Toronto — Going into Tuesday night’s start against the Toronto Blue Jays, Orioles right-hander Dylan Bundy acknowledged he’s struggled finding answers to his recent struggles.
Bundy’s performance at Rogers Centre — a third consecutive start in which he allowed seven earned runs and failed to get out of the sixth innings — was another head-scratcher in the Orioles’ 8-2 loss to the Blue Jays.
Bundy failed to get a batter out in the fifth inning Tuesday night after allowing back-to-back homers. With three homers allowed Tuesday, his major league leading total increased to 33. Bundy’s night ended with him hunched over in the Orioles dugout staring at the ground after another middle-innings exit.
“[His resolve is] tested now,” Orioles manager Buck Showalter. “I can tell. It's a challenge for him right now, I can tell. It's probably one of the tougher periods he's had, other than when he was hurt.”
The Orioles (37-89), now 52 games under .500, are one loss away from going winless at Rogers Centre this season. They enter Wednesday afternoon’s series finale 0-9 in Toronto this season, and have lost 11 of 12 to the Blue Jays overall.
While Bundy’s four-seam fastball velocity has diminished slightly — he’s recorded his three lowest four-seamer velocity averages this season within his last six starts — Bundy struggled with both his command and his pitch execution Tuesday, leaving far too many balls up in the zone, including on two of the three homers he allowed.
“In between starts, you’ve got to keep on working and eventually it will figure itself out,” Bundy said. “It's tough, but we're all going to have these stretches. You just try to limit them. Right now, this one is going on for quite some time. So hopefully in the future I can figure this out quicker and get better faster.”
The Orioles defense didn’t help. Second baseman Jonathan Villar dropped a popup in shallow right field by the Blue Jays’ second batter in the bottom of the first inning.
Newly acquired left fielder John Andreoli, making his first start with the Orioles, looked uncomfortable in left field. He misplayed a leadoff single off the bat of Kendrys Morales in Toronto’s three-run fourth. Third baseman Renato Núñez booted a grounder that prolonged that inning.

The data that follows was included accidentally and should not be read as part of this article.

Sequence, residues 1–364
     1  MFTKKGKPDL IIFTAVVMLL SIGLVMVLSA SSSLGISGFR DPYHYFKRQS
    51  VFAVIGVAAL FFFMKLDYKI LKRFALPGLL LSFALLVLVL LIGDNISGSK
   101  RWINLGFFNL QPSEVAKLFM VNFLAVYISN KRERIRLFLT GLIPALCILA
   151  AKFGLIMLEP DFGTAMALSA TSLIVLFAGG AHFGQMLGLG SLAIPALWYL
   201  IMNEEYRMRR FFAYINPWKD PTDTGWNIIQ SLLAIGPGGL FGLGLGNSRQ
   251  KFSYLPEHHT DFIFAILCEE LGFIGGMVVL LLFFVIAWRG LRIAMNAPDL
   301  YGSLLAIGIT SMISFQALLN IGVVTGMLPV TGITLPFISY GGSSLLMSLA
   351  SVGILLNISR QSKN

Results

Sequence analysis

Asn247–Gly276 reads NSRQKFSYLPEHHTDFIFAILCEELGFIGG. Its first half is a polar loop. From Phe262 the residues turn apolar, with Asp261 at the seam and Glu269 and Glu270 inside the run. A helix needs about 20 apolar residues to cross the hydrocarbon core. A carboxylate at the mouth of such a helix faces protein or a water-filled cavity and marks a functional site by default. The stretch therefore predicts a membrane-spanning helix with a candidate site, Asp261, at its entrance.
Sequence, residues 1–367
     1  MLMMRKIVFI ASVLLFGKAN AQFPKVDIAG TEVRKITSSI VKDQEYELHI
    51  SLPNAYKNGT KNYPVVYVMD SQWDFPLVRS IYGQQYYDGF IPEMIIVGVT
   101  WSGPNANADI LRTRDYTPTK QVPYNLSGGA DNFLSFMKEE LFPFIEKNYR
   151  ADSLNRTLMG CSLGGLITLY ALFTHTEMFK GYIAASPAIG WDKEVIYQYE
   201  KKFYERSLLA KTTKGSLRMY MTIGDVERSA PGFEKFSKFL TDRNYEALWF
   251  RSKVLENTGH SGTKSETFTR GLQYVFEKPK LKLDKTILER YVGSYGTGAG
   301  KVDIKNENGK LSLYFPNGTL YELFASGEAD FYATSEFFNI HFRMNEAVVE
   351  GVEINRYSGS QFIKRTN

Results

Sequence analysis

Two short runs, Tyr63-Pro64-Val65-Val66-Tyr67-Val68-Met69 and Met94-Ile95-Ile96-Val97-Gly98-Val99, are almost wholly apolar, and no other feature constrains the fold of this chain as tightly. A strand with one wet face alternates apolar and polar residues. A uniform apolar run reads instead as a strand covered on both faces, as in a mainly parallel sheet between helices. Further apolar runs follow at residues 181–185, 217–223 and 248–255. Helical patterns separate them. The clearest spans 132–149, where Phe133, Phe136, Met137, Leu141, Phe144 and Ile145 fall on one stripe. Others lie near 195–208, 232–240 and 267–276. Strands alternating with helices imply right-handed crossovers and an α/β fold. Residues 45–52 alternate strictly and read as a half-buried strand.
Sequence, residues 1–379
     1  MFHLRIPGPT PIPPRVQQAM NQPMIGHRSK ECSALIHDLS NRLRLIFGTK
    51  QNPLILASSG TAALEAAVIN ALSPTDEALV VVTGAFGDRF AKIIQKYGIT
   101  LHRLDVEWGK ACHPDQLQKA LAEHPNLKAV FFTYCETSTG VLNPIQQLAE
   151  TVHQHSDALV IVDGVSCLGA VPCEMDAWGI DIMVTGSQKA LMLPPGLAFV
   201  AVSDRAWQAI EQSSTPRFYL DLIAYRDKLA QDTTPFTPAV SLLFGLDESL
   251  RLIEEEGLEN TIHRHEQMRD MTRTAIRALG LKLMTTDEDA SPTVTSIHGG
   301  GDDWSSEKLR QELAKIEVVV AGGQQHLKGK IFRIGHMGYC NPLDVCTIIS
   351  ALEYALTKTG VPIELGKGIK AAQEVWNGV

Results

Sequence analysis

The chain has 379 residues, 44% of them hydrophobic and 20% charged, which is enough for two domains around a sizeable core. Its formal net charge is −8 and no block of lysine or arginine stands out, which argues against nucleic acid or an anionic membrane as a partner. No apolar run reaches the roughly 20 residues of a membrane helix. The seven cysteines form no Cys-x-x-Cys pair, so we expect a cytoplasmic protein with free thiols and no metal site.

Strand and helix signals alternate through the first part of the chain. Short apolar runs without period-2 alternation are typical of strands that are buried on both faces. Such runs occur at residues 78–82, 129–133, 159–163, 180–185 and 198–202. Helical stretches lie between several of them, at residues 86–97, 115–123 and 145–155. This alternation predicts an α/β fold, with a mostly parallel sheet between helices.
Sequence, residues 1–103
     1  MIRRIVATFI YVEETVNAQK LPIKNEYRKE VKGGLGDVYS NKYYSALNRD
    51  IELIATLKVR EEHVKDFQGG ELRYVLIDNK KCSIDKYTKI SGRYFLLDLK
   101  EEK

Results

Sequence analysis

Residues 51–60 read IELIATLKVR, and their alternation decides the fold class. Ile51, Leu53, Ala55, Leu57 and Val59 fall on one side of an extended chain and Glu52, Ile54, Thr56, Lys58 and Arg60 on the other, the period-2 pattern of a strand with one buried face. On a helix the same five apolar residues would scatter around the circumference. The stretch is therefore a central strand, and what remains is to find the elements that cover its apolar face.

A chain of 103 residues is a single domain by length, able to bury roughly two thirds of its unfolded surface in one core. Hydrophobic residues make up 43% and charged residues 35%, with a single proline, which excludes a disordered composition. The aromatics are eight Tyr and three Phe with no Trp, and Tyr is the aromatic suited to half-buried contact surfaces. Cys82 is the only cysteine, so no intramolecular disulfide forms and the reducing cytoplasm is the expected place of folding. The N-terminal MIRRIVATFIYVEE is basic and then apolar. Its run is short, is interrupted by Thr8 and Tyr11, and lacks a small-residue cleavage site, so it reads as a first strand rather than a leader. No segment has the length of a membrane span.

Still, Bundy (7-12) did little to help his own cause, allowing 10 hits.
Mixing pitches has made Bundy effective, and going into Tuesday, he said he’d like to throw his curveball and changeup more often. But those two pitches accounted for just 16 of his 72 pitches Tuesday.
“He can’t be boxed into two pitches,” catcher Caleb Joseph said. “Really nobody in the league can do that and only have two pitches available. You’ve got to throw the curveball and you’ve got to throw the changeup. … It’s a matter of little things here and there that are adding up, so when you don’t have the consistency of the shape and you’re not pinpointing the location of the pitch, it can cause some bad situations that you don’t want to get into. Normally he’s had one or the other when he hasn’t been spot on. Maybe he has the shape of the pitch but is missing location, you have more room for error. So just right now, there’s not a lot of room for error.”
Over his past three starts, Bundy has seen his ERA balloon nearly a full run, from 4.38 to 5.31. In his eight starts since returning from the disabled list, Bundy owns a 9.08 ERA.
Bundy maintains he’s healthy and that he’s not trying to pitch through any physical hindrance.
“If there is, I haven’t found it yet,” Bundy said. “Physically I’m fine. The shape of the pitches I’m happy with in the bullpen and in the game, except for the changeup. I've been working on the changeup all year and it just hasn't quite been there for me like it has in the past.”
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Bundy hung a 1-2 slider to Aledmys Díaz with one out in the second inning, allowing a solo homer that gave the Blue Jays a two-run lead.
After Billy McKinney’s two-run single fueled a three-run fourth inning, Bundy lasted just three pitches into the fifth. Justin Smoak hit a first-pitch, 91-mph fastball that caught too much of the outer part of the plate the opposite way for a home run. Two pitches later, Morales also went the other way, taking an elevated changeup over the left-field fence.
Bundy’s outing left Showalter looking for answers as well. He noted that the club has given Bundy additional rest as often as possible. He’s received at least one extra day of rest in five of his six starts since the All-Star break, including Tuesday, when he received one extra day.
“We've attacked that and we'll continue to look at if we need to do it again,” Showalter said.
Orioles reliever Ryan Meisinger allowed a homer in the fifth to McKinney, a solo blast that was his first big league home run.
Blue Jays starter Sam Gaviglio held the Orioles to two runs on six hits over seven innings. After allowing Trey Mancini’s one-out single in the third, Gaviglio allowed just one hit, a solo homer to rookie Cedric Mullins.
Orioles first baseman Chris Davis was 0-for-4 with four strikeouts.